For mysteries, the Black Widower stories and the Wendell Urth stories are pretty good, but don’t bother with either of his non-SF mystery novels (A Whiff of Death and Murder at the ABA). The former, I figured out who the murderer was halfway through, just from the fact that it’s the one person the protagonist doesn’t suspect, and the latter, the protagonist notices a crucial clue early on that conclusively reduces the suspect pool to exactly two people, comments on it, and then comes to the conclusion that it’s probably completely irrelevant and ignores it until the big reveal.
His best work is probably actually his nonfiction. He wrote essays on a wide variety of topics for magazines, which were then collected into books. You can start with pretty much any of those: Any given book will contain a dozen different topics, so there’s bound to be something that’ll interest you.
I’d start at page 1. Jumping to the middle will just be confusing.
Personally, I think Asimov is overrated and his work has not aged well.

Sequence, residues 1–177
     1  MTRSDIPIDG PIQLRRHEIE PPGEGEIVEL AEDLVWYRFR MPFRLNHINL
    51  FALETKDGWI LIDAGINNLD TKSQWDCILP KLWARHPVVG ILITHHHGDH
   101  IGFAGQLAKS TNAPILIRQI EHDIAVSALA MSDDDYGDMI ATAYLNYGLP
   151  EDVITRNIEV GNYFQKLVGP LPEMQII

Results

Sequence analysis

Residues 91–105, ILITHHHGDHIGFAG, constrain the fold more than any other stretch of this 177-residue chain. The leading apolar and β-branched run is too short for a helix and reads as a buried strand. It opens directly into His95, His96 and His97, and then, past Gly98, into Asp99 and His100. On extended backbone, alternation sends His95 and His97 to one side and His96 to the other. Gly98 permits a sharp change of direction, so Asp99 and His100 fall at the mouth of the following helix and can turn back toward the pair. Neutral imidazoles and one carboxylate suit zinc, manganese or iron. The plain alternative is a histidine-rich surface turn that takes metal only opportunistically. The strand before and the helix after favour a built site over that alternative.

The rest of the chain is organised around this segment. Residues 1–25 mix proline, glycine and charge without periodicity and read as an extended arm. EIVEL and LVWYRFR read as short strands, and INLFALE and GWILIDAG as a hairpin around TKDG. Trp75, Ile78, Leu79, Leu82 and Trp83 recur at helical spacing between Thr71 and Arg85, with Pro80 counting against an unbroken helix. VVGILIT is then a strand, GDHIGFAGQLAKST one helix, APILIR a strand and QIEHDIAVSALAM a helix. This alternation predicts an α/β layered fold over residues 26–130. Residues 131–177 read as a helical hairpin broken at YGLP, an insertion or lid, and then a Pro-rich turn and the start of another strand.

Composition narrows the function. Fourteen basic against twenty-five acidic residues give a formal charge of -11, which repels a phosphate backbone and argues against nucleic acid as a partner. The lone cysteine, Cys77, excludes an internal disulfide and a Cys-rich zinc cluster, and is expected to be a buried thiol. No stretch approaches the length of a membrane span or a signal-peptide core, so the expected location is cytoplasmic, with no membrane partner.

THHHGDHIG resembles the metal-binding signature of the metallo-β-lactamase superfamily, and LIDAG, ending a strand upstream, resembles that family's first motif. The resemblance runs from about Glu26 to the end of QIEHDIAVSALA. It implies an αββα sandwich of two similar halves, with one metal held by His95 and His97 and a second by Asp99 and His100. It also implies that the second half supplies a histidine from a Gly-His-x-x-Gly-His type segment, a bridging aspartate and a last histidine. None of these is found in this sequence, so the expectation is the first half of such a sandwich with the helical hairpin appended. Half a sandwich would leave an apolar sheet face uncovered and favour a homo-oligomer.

But I’d agree with others that I, Robot is a good place to start - it’s quintessential Asimov so you’ll get a good feel for whether or not he’s an author for you.
My favorite Asimov is a short story collection called Asimov’s Mysteries which contains many of these.
The Gods Themselves is one of my favorite of his novels (and it includes an extremely sympathetic female–albeit alien–character) but I’m most fond of his short stories.
How about his non-fiction book Asimov on Science Fiction. You can read his thoughts on the topic and see if his own SF lives up to his own standards.